In a letter sent to the Justice Department’s Office of Legal Counsel (OLC) today, the American Civil Liberties Union requested the release of secret memos that provided the legal basis for many of the Bush administration’s controversial national security policies. The Justice Department continues to withhold many legal opinions, including memos purporting to allow torture and warrantless surveillance. The ACLU has previously sought the memos through the Freedom of Information Act (FOIA).


A True Test for Secretary of State Hillary Clinton

An outstanding question today was published by “Time” as it wrote “Can Clinton and Her Envoys Rebuild U.S. Diplomacy?”  Everyone knows the damage to the international community former President Bush’s Administration created and the hard feelings our neighbors have towards us, but few can venture to guess how deep these feelings are and how long it will take to repair the hurt feelings.

I published before, here, within this plot about my personal feelings regarding Secretary Clinton and can only hope there exists a feeling of “forgive and forget” among the countries we’ve upset over the past years of selfishness behavior, protectionism polices and discerning attitude we have engaged in.

Here are a few excerpts from the Time article, which bare a peek at:

Can Clinton and Her Envoys Rebuild U.S. Diplomacy?

By Massimo Calabresi / Washington Friday, Jan. 23, 2009

The euphoria that greeted Hillary Clinton’s arrival at the State Department on Thursday was not unfamiliar. Every few years, the usually reserved diplomats at Foggy Bottom drop their world-weariness and get all googly-eyed over a new leader: when Colin Powell took charge in January 2001, he was mobbed by star-struck Foreign Service Officers hoping he’d reverse the department’s diminishing stature under Warren Christopher and Madeleine Albright.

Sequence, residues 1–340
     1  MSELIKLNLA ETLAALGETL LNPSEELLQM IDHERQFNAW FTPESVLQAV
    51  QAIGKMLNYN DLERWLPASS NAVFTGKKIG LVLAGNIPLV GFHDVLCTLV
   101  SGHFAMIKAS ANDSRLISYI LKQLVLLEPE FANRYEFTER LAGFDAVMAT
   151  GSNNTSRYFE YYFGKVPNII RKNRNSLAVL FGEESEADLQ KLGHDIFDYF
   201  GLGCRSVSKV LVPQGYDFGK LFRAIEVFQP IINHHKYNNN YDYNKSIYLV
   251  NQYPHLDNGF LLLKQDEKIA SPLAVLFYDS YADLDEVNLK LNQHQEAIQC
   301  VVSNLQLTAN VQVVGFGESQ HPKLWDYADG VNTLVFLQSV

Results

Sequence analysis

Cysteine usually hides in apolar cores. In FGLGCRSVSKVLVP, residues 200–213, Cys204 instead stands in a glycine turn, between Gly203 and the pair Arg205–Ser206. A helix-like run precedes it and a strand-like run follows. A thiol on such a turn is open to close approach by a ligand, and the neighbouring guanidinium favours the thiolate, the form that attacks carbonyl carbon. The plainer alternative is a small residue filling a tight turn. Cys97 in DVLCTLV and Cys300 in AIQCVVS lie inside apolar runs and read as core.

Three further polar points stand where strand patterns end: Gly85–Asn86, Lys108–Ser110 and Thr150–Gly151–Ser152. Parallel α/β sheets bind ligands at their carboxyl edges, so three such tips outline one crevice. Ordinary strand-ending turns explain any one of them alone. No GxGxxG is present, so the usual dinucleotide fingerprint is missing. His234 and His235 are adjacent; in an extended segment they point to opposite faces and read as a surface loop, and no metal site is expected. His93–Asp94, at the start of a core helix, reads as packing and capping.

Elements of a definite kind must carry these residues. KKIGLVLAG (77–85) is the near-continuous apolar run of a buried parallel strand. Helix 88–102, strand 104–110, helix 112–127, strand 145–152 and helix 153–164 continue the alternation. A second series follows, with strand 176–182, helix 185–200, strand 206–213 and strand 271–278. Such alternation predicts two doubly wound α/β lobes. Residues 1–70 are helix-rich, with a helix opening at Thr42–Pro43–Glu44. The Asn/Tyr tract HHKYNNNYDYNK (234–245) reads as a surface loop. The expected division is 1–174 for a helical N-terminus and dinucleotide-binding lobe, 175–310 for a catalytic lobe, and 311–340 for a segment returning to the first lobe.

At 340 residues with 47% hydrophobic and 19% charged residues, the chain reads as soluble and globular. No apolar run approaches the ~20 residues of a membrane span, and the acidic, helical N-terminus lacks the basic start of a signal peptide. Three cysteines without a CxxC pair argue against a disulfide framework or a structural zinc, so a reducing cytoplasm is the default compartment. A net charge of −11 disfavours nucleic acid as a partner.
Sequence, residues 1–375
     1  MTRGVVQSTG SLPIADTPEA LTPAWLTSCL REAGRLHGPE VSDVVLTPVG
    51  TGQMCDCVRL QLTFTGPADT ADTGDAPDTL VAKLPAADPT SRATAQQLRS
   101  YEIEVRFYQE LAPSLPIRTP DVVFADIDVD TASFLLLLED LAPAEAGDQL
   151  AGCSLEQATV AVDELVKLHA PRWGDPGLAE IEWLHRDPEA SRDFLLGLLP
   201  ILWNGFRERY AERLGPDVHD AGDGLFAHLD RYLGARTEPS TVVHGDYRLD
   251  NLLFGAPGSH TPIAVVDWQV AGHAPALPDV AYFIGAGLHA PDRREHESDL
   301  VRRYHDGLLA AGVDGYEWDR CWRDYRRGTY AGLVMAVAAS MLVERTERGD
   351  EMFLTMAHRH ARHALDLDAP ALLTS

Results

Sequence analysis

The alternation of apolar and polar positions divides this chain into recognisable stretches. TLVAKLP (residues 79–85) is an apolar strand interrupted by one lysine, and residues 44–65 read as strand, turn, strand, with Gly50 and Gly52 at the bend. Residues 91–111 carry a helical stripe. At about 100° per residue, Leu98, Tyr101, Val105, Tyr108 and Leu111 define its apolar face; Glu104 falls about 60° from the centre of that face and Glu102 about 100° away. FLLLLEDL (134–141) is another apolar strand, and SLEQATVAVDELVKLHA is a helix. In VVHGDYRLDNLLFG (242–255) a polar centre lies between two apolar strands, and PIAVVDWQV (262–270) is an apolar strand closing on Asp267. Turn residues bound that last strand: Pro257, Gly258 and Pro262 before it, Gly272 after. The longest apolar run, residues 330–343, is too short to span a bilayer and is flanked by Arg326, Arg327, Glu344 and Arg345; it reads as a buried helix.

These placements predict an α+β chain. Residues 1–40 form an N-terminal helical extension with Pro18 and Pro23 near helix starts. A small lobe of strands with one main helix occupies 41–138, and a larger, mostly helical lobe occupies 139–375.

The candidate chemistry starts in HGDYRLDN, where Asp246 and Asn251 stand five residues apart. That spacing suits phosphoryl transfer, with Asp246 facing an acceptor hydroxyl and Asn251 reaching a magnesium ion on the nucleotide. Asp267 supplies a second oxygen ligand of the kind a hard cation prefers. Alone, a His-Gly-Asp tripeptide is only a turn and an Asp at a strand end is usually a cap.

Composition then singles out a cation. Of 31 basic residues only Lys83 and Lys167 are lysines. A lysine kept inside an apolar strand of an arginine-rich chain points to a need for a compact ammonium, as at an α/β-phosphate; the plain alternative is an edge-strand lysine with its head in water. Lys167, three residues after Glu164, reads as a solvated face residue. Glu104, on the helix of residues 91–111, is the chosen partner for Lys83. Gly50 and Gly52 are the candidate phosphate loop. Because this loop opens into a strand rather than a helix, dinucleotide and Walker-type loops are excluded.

In early 2005, their adulation was even more desperate as they greeted Condoleezza Rice following Powell’s four-year emasculation at the hands of Defense Secretary Donald Rumsfeld and Vice President Dick Cheney.

What the downcast diplomats really seek is someone who will return the State Department to the central role it played in the days when American diplomacy shaped the most important world events.

There are reasons to be optimistic that Holbrooke and Mitchell, and Clinton herself for that matter, are part of a new beginning for American diplomacy. Obama had made rejuvenating diplomacy a centerpiece of his campaign, and he has named a serious and strong-willed team whose members, as much as anything, hate to fail. Both envoys are known to be energetic in the field and to have records of peace-making achievement, Holbrooke in brokering the Dayton Peace Accords that ended the Bosnia conflict, and Mitchell in negotiating the Good Friday Agreement that marked the beginning of the end of the sectarian conflict in Northern Ireland.

If the weary diplomats at the State department want nothing more than action on the diplomatic front, they’re certainly going to get it from Holbrooke and Mitchell. Whether the two men will actually succeed may depend on the policies that guide their efforts and on Hillary Clinton’s skills in managing them. She had a simple message for everyone at Foggy Bottom on her first day at work. “This is a team,” she told the gathered diplomats, and “We are not any longer going to tolerate the kind of divisiveness that has paralyzed and undermined our ability to get things done for America.” Says Levy of the New America Foundation: “I think you can make it work.”